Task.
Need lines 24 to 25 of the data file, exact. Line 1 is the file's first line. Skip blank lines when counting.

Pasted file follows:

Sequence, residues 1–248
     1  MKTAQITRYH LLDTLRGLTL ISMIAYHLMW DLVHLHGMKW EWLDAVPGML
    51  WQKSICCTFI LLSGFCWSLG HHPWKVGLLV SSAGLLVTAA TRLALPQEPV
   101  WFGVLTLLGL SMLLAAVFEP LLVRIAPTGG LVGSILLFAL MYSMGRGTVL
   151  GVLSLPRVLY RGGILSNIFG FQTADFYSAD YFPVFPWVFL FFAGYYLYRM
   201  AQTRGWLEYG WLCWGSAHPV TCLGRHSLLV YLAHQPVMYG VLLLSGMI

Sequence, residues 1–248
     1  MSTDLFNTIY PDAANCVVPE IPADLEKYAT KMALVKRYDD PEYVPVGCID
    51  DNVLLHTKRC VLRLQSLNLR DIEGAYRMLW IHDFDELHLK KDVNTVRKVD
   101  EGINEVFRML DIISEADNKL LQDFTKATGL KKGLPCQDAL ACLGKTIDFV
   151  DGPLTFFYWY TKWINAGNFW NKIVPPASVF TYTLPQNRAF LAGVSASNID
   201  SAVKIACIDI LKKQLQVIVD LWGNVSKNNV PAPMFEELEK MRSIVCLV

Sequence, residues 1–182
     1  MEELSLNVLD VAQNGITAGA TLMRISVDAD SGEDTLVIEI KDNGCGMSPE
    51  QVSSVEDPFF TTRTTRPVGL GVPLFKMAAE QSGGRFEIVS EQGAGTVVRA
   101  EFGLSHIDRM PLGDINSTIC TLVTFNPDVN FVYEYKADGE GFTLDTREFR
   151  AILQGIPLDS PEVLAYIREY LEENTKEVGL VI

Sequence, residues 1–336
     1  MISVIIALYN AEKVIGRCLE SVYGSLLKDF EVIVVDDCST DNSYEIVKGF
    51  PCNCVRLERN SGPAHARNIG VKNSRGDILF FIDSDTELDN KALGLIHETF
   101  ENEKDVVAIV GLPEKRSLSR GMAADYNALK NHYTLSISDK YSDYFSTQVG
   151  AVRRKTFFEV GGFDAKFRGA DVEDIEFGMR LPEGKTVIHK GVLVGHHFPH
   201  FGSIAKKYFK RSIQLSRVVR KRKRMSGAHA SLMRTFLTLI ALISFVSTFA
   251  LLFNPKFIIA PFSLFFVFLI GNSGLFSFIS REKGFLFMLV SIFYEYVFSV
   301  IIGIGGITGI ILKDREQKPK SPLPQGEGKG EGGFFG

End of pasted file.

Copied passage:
   251  LLFNPKFIIA PFSLFFVFLI GNSGLFSFIS REKGFLFMLV SIFYEYVFSV
   301  IIGIGGITGI ILKDREQKPK SPLPQGEGKG EGGFFG